US 50 has a colorful history in terms of realignments across southwestern Indiana. I-64 was originally going to be built along the US 150 corridor from Louisville to about Shoals, where it would pick up US 50 on its way to Illinois. But lobbying got I-64 built farther south, passing closer to Evansville. That didn’t stop the desire for a major highway through this part of Indiana, so the current expressway was built westward from Washington. Of course it bypasses every town along the way, leaving juicy bits of old road behind.

If you’ve guessed that I’m going to show you photos of Old US 50, then you’ve come to know me well. We’ll start with Washington, Indiana.  First, though, let’s look at this map of Washington, Indiana, on which I’ve marked the old alignment in blue.

Where Old US 50 meets State Road 257, I came upon this great neon sign.

Mason's Root Beer

It announced this root beer stand. I stopped of course. How could I resist? While I was photographing the place, a delightful young lady came out to take my order. My root beer float was delicious. Mason’s Root Beer was easy to come by during my 1970s kidhood, but has all but disappeared today.

Mason's Root Beer

Old US 50 doesn’t go through downtown Washington but rather skirts across the south side of town. Ordinarily that would puzzle me, but in this case I happen to know why and will share with you in an upcoming post. (Hint: It means more old alignment photos!) Beyond Washington, signs begin pointing motorists back to US 50 and then begin warning that the road ends ahead. And they mean it.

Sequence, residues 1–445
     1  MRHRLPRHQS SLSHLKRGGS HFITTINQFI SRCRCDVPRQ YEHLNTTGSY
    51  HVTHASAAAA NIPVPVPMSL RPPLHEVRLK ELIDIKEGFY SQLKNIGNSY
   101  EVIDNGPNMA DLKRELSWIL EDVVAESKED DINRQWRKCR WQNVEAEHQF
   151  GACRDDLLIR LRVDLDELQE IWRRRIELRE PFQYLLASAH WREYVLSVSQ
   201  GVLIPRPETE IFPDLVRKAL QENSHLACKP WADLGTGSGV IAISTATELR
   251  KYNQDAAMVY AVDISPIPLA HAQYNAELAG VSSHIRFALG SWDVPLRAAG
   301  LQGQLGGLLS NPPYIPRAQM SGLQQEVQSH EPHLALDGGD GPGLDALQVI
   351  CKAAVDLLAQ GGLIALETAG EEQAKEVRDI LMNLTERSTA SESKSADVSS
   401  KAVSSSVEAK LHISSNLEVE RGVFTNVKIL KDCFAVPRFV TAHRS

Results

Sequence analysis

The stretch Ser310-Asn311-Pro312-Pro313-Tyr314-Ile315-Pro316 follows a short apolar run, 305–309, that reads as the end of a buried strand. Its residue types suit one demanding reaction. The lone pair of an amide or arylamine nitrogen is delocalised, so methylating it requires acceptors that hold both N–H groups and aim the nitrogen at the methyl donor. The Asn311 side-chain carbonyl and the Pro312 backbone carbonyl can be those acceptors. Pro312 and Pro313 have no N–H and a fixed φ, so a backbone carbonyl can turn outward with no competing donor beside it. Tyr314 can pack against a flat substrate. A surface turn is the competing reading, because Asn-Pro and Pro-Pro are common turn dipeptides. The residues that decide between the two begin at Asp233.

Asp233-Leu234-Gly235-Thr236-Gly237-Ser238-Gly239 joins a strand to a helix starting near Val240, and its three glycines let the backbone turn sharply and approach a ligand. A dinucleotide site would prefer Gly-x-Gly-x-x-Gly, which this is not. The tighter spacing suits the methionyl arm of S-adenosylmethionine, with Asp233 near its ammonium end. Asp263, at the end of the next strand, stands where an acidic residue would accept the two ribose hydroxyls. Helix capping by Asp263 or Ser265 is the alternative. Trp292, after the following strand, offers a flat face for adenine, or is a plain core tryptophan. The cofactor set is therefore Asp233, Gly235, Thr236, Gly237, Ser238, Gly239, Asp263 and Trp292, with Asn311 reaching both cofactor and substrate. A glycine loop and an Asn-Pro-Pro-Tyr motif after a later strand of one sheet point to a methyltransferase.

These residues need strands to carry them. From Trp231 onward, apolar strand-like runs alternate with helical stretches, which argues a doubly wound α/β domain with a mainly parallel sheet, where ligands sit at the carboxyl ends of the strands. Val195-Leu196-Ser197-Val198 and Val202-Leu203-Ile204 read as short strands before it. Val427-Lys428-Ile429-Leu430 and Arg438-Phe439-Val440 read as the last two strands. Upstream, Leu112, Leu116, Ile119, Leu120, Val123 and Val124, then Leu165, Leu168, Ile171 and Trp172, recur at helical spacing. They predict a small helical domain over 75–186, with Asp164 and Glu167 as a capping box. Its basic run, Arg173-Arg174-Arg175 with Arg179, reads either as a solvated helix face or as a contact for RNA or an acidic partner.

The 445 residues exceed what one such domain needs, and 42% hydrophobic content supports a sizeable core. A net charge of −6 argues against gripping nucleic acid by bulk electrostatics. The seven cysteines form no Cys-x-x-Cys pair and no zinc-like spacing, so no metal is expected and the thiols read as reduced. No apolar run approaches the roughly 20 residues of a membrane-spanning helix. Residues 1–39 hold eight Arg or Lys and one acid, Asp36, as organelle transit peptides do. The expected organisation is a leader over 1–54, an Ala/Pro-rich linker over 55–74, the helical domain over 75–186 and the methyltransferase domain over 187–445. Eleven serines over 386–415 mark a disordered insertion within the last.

Old US 50

I stopped and walked out past the Do Not Enter signs to take this photograph. I’m sure there’s more road underneath the brush, and I was very curious to explore. But I was also wearing shorts and wasn’t at all excited about wading through all of this with my legs exposed. Critters? Poison ivy? No thanks.

Old US 50

If I could have wound the clock back 20 years, this is what I would have found in there.

According to the Indiana State Historic Architectural and Archaeological Research Database (SHAARD), from which I got these photos, this three-span Parker through truss bridge was built in 1930 and met its doom in 1990. This bridge had a twin that stood less than a half mile to the west. It, too, is gone, replaced in 1988 by two modern bridges on the US 50 expressway. You might think the old bridge could have been kept and a single new bridge built in the oncoming lanes, but its 20-foot-wide deck probably doomed it. Consider that Interstate standards call for bridges to be a whopping 37½ feet wide – two 12-foot lanes, a ten-foot outer shoulder, and a 3½-foot inner shoulder. Two semis entering this bridge at the same time would find it a tight fit!

Illinois planned a US 50 expressway but completed only some of it. That work abandoned three great through truss bridges; see them here.

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12 responses to “Root beer and dead ends in Washington”

  1. vanilla Avatar